Life at the top will be lonelier for Clinton

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BILL CLINTON returned to presidential duties in Washington yesterday after his 10-day Balkan trip, to find that life at the top was about to become even lonelier than before.

Only hours before he arrived back at the White House, his wife, Hillary, had announced that she would be moving to New York full-time as soon as the new house in Chappaqua was ready. She was "scaling back" her role as first lady, she said, to concentrate on her Senate bid. In prospect is the first-ever presidential "commuter marriage".

The Vice-President, Al Gore, meanwhile, had put it about that he now regarded his run for the presidency as more important than his position as Vice- President. "Running for president of this country," he told The Washington Post last weekend, "is far more important than being the best vice-president I can possibly be."

While it is a fact of presidential life that senior members of the administration, however loyal, depart in pursuit of their own interests as their president's time runs out, the loss of his two most trusted lieutenants a full year before the end of his presidency leaves Mr Clinton deserted as few American presidents have been this century. It is 80 years since, as The New York Times delicately put it, "a president lived in the White House without a wife". That was Woodrow Wilson, who remedied the situation by marrying his second wife in 1915, during his first term.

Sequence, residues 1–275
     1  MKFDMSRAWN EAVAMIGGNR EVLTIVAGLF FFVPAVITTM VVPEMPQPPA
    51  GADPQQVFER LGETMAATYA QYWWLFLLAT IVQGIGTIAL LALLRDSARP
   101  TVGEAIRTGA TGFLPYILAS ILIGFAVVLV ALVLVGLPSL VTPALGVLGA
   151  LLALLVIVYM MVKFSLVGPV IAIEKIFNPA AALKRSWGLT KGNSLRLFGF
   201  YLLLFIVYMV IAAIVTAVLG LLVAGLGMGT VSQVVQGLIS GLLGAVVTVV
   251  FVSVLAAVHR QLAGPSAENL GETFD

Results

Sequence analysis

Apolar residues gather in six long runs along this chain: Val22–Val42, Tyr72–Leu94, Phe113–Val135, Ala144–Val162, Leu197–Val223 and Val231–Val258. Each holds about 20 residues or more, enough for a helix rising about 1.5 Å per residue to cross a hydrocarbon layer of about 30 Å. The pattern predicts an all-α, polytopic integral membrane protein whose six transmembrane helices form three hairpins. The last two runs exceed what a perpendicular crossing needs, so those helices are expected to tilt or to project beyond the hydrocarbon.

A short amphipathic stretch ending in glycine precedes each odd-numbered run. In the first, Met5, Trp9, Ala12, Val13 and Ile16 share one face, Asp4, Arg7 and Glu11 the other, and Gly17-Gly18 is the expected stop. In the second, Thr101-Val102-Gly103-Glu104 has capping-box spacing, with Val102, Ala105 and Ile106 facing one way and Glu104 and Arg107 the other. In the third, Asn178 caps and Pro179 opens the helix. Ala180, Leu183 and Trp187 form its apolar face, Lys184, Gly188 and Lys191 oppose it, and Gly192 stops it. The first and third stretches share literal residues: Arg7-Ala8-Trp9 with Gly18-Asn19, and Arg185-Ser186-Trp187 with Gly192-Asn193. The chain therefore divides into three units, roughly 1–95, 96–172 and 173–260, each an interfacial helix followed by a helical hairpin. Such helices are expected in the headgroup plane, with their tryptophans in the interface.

Eleanor Roosevelt and Jackie Kennedy kept separate residences that they used from time to time; Bess Truman upped and left Washington, preferring to stay at the family home in Missouri, and, it was noted yesterday, it was customary for first ladies to leave Washington during the sultry southern summers. But there is no precedent for a first lady leaving the White House to pursue her own career, and Mrs Clinton's announcement on Tuesday that she was curtailing her official duties as first lady to campaign full-time for the US Senate seat for New York was seen by some as tantamount to abdication.

It was not clear, however, to what extent the announcement was personal and to what extent political. Both Clintons insist that they will see each other at weekends, presenting the arrangement as no different from the "commuter marriages" of thousands of American couples separated by their careers.

It is true, however, that President Clinton and his wife have spent very little time together in recent months. On their latest foreign travels, they flew out and back separately, linking up only for a few days in Turkey and Greece and at the weekend meeting in Florence where Mrs Clinton was a speaker. She returned two days earlier than her husband, in part, it seemed, to stem the growing speculation about her Senate campaign.

With his Vice-President and wife increasingly absent, Mr Clinton has started to cut a lonely and somewhat sad figure. A couple of months ago, he was reported to have spent an afternoon playing golf by himself, in the rain. Earlier this week, there were poignant photographs of him, alone with Chelsea, visiting an otherwise deserted Parthenon. Not even his dog, Buddy, has been much in evidence of late. Inevitably, the questions are being asked: is the presidency a job that can be done alone? And how will a man who so clearly thrives on company adjust to his new isolation? Both he and America are about to find out.